Note that Table 32.1 lists many diagnostic uses for $99mTc99mTc size 12{"" lSup { size 8{"99m"} } "Tc"} {}$, where “m” stands for a metastable state of the technetium nucleus. Perhaps 80 percent of all radiopharmaceutical procedures employ $99mTc99mTc size 12{"" lSup { size 8{"99m"} } "Tc"} {}$ because of its many advantages. One is that the decay of its metastable state produces a single, easily identified 0.142-MeV $γγ$ ray. Additionally, the radiation dose to the patient is limited by the short 6.0-h half-life of $99mTc99mTc$. And, although its half-life is short, it is easily and continuously produced on site. The basic process for production is neutron activation of molybdenum, which quickly $ββ$ decays into $99mTc99mTc$. Technetium-99m can be attached to many compounds to allow the imaging of the skeleton, heart, lungs, kidneys, etc.

Figure 32.5 shows one of the simpler methods of imaging the concentration of nuclear activity, employing a device called an Anger camera or gamma camera. A piece of lead with holes bored through it collimates $γγ size 12{γ} {}$ rays emerging from the patient, allowing detectors to receive $γγ size 12{γ} {}$ rays from specific directions only. The computer analysis of detector signals produces an image. One of the disadvantages of this detection method is that there is no depth information (i.e., it provides a two-dimensional view of the tumor as opposed to a three-dimensional view), because radiation from any location under that detector produces a signal.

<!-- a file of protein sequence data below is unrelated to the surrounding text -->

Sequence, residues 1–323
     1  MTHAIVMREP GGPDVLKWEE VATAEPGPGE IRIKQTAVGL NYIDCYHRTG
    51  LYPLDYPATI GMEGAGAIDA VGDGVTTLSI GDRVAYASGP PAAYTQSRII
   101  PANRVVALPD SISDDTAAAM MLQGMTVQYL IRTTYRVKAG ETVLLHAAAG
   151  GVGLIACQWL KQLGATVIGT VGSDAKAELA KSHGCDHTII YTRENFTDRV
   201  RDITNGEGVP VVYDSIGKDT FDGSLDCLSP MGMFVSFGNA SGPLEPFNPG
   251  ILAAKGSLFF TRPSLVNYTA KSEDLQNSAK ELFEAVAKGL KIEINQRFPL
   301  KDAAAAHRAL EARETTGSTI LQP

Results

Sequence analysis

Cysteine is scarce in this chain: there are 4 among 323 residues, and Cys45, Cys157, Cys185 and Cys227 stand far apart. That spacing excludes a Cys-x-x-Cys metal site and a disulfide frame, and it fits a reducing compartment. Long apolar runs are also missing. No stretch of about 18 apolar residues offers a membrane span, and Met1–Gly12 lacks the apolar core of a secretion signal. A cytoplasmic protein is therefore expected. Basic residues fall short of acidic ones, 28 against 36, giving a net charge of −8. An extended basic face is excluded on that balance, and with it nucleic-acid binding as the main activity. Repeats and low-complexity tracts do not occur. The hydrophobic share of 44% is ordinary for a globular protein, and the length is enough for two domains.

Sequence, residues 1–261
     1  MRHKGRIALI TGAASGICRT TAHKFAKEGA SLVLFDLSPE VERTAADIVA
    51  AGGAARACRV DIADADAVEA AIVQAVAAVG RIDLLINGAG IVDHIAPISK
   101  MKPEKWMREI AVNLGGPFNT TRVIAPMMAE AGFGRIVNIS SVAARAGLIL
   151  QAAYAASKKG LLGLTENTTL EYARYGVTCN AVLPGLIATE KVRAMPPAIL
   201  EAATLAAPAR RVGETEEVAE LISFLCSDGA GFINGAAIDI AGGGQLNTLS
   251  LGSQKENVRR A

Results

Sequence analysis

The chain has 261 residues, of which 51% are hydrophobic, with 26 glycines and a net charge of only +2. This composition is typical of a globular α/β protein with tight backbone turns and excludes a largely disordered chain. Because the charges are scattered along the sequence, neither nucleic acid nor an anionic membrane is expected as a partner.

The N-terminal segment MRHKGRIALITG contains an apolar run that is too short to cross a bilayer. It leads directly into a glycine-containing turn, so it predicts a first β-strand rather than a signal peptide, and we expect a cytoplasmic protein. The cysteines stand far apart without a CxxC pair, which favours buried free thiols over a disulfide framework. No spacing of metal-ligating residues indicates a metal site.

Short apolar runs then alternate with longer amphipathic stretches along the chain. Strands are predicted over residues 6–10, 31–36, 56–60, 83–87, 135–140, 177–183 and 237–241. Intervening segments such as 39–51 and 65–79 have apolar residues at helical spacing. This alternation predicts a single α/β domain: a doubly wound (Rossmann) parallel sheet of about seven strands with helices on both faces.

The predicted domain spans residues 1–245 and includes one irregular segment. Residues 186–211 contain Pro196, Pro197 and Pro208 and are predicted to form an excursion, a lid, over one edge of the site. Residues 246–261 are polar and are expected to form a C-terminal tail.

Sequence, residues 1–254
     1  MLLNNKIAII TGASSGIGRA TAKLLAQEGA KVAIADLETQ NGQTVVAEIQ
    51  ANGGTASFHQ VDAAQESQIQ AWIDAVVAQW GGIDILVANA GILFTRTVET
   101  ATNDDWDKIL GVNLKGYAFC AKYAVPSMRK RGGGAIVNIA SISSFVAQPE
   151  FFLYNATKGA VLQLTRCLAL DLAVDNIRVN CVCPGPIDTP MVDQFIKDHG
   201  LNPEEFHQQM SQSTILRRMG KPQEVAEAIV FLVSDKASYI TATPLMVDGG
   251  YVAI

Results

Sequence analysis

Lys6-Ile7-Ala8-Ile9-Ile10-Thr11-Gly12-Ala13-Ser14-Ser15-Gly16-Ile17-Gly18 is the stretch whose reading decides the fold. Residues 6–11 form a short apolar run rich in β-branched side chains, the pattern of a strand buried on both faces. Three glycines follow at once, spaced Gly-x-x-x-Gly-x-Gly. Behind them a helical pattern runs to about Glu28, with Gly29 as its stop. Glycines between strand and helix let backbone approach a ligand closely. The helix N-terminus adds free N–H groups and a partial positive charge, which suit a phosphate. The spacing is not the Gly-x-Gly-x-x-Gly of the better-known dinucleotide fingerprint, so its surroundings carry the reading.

Figure 32.5 An Anger or gamma camera consists of a lead collimator and an array of detectors. Gamma rays produce light flashes in the scintillators. The light output is converted to an electrical signal by the photomultipliers. A computer constructs an image from the detector output.

Imaging techniques much like those in x-ray computed tomography (CT) scans use nuclear activity in patients to form three-dimensional images. Figure 32.6 shows a patient in a circular array of detectors that may be stationary or rotated, with detector output used by a computer to construct a detailed image. This technique is called single-photon-emission computed tomography(SPECT) or sometimes simply SPET. The spatial resolution of this technique is poor, about 1 cm, but the contrast (i.e. the difference in visual properties that makes an object distinguishable from other objects and the background) is good.